in black and white
Main menu
Home About us Share a book
Biology Business Chemistry Computers Culture Economics Fiction Games Guide History Management Mathematical Medicine Mental Fitnes Physics Psychology Scince Sport Technics

The Practical Guide to the Genetic Family History - Bennett L.R.

Bennett L.R. The Practical Guide to the Genetic Family History - Wiley-liss, 1999. - 265 p.
ISBN 0-471-22391-3
Download (direct link): thepracticalguidetot1999.pdf
Previous << 1 .. 48 49 50 51 52 53 < 54 > 55 56 57 58 59 60 .. 119 >> Next

There are many unique issues in providing genetic counseling to individuals with mild mental retardation. The potential parent with learning disabilities may be less concerned about having a child “like me,” who also has learning delays, than having a child with physical birth defects (Finucane, 1998). These individuals may be unreliable family historians as well as concrete thinkers who may have difficulty conceptualizing the multitude of facts and figures that are traditionally reviewed in a typical genetic counseling visit. Finucane suggests that the content of such counseling should shift from “facts to feelings” (1998).
When a family history of mental retardation is identified, there are several key historical questions than can help with identification of syndromes and assist with
determining recurrence risks. These family history features are summarized in Table 4.12. A simple question to begin with is, “What diagnostic testing has been done?” Any child or person with unexplained mental retardation and dysmorphic features should have a chromosome study, particularly if there is a family history of mental retardation and miscarriages (suggesting a chromosome translocation). Individuals born before the 1970s may not have had a banded chromosome study. If an adult with features characteristic of a chromosomal syndrome had a normal chromosome study prior to the early 1990s, it is worth redoing the cytogenetic study using more sophisticated techniques. A normal chromosome study does not eliminate a genetic diagnosis. “Were any metabolic studies done?” (such as plasma amino acids, urine organic acids, lactate, or pyruvate). “Has any neurological testing been done?” (including brain imaging). Major brain malformations are more likely to have a genetic etiology than are minor structural abnormalities (Bundey, 1997).
“How severe is the learning disability? Do you have the results of any formal developmental testing?” About 30-40% of individuals with severe mental retardation have a single gene or chromosomal disorder, whereas mild mental retardation accounts for about 10% of such cases (Bundey, 1997). Severely aberrant mental development is usually clearly identified by 3 to 6 months of age. Documentation of actual IQ scores from affected family members is important. In the absence of medical records, descriptive information about the individual is useful. For example, “What life skills does the person have?” (e.g., feeding and dressing self, the ability to make change, living on own, driving a car or taking a bus, reading).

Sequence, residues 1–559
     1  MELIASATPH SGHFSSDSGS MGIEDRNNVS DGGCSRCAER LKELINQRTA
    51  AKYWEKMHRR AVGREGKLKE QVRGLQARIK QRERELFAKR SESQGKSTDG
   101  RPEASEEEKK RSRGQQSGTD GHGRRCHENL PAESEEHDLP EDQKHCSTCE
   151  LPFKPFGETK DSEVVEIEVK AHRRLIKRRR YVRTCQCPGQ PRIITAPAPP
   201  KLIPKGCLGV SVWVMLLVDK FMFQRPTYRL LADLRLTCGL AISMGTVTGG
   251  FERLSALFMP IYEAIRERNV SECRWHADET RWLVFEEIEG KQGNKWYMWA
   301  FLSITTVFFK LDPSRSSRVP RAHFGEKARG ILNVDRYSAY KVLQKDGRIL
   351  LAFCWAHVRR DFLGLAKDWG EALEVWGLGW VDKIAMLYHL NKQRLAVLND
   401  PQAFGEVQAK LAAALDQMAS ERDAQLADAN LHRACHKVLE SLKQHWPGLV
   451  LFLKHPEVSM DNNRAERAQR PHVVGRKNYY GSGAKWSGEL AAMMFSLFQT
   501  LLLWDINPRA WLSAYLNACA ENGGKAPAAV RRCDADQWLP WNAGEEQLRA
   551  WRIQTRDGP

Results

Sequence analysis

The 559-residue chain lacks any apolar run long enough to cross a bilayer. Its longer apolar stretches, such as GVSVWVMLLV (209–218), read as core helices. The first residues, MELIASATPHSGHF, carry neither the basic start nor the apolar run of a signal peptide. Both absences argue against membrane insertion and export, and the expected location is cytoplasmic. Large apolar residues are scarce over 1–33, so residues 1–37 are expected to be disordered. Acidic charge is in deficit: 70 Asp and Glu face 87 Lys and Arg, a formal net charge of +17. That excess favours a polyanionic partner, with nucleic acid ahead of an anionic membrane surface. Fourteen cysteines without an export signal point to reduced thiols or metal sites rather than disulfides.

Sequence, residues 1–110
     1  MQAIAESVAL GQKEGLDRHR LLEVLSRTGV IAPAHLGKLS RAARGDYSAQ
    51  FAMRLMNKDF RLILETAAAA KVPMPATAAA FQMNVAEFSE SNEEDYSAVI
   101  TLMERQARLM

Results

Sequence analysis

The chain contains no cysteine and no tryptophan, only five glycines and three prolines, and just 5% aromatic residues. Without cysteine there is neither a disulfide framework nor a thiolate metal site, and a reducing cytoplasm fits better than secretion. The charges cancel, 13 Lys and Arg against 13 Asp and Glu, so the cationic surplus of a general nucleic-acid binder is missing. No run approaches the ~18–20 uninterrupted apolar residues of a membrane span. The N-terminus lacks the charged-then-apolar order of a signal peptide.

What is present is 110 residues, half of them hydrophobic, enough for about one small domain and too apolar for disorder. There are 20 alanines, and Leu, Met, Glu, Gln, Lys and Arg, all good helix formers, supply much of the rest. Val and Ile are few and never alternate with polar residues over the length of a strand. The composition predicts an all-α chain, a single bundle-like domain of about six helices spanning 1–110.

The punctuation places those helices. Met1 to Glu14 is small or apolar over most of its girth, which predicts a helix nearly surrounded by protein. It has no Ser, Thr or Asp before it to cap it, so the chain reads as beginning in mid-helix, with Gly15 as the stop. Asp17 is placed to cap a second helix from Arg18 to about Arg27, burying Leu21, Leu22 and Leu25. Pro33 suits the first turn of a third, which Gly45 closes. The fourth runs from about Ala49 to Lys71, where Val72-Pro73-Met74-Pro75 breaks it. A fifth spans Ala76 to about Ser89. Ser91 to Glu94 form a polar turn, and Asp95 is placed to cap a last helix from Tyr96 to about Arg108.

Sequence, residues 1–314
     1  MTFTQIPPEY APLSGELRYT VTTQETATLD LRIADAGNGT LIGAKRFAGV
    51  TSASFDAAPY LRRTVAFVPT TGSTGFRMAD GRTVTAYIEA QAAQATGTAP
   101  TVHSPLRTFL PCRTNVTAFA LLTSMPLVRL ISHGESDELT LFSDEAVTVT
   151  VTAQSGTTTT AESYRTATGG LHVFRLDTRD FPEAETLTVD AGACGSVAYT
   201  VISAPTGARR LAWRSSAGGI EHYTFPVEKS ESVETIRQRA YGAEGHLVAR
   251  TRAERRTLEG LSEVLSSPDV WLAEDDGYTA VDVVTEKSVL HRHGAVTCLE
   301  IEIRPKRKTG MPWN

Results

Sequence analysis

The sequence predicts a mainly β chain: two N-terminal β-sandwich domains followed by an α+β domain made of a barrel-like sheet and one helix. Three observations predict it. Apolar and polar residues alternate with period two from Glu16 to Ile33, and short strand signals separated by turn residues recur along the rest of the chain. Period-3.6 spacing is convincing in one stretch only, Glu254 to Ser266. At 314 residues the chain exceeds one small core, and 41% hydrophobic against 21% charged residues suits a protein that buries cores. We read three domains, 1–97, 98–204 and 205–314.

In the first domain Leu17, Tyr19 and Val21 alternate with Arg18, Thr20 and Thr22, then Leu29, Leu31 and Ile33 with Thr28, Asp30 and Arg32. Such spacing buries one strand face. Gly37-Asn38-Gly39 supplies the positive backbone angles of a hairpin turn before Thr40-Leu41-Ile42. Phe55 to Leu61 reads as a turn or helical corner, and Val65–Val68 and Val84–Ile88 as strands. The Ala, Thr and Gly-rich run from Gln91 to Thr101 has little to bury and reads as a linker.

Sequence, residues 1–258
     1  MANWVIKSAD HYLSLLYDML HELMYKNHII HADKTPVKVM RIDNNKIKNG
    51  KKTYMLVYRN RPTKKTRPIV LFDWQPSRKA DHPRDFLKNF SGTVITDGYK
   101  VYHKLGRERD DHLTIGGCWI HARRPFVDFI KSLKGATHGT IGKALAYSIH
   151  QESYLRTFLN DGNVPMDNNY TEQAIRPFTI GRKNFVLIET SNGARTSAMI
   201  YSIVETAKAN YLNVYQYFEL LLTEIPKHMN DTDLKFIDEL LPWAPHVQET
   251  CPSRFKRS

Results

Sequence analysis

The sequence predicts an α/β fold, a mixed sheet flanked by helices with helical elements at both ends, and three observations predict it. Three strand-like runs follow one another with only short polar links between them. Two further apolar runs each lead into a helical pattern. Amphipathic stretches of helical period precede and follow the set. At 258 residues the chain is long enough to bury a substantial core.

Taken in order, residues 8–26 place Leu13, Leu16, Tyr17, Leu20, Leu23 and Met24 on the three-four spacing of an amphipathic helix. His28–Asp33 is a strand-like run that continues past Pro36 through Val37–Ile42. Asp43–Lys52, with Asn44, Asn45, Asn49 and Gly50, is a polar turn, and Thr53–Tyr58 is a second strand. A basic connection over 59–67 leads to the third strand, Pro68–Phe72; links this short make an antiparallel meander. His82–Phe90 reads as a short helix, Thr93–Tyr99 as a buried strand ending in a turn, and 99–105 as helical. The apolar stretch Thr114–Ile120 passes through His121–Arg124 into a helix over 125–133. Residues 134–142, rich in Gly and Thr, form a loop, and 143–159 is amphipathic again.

“Were the problems present from birth?” Developmental delays noted from birth or shortly thereafter suggest a teratogenic exposure in pregnancy, or a chromosomal problem. “Are the delays remaining static or progressing? If progressive, at what age did the changes begin?” Normal development, followed by a loss of developmental milestones or progressive decline in school performance, is suggestive of an inherited biochemical disorder (usually autosomal recessive or X-linked recessive; refer to Table 4.11) or a mitochondrial disorder. Persons with chromosomal aneu-ploidy usually do not regress in their development. Of course, other causes of developmental delay and failure to thrive that should not be overlooked include severe malnutrition, abuse, and neglect. Apparent regression may be attributed to environmental factors such as poorly controlled seizure activity, overmedication with anticonvulsants, intercurrent illness, emotional problems, or depression (Clarke, 1996).
“Were there problems in pregnancy or with birth? Was the child full term? Did the mother take any medications during pregnancy? Does the mother have any medical problems?” Answers to these questions can help determine whether the child’s delays are due to genetic or environmental causes (Robinson and Linden, 1993) such as the following:
• Maternal factors (e.g., maternal PKU, maternal myotonic muscular dystrophy)
• Teratogens (e.g., alcohol and/or recreational drugs, fetal hydantoin syndrome)
• Prematurity
TABLE 4.12 Features to Document In the Medical-Family History When a Family Member Has Mental Retardation.
• Severity of mental retardation (DSM IV-Classification)
Mild (IQ 50-55 to approximately 70)
Moderate (IQ 35-40 to 50-55)
Severe (IQ 20-25 to 35-40)
Profound (IQ < 20-25)
• The age the delays were noted
• Static or progressive mental impairment
• Intellectual abilities of parents of affected child
• Pregnancy and health history of affected child’s mother:
Full gestation or premature
Traumatic delivery or asphyxiation (e.g., cord accident)
Teratogenic exposure
Specifically ask about alcohol and recreational drugs Seizure medications
Maternal infections (syphilis, rubella, toxoplasmosis, cytomegalovirus, HIV, herpes simplex)
Maternal disease (e.g., PKU, myotonic dystrophy)
Previous << 1 .. 48 49 50 51 52 53 < 54 > 55 56 57 58 59 60 .. 119 >> Next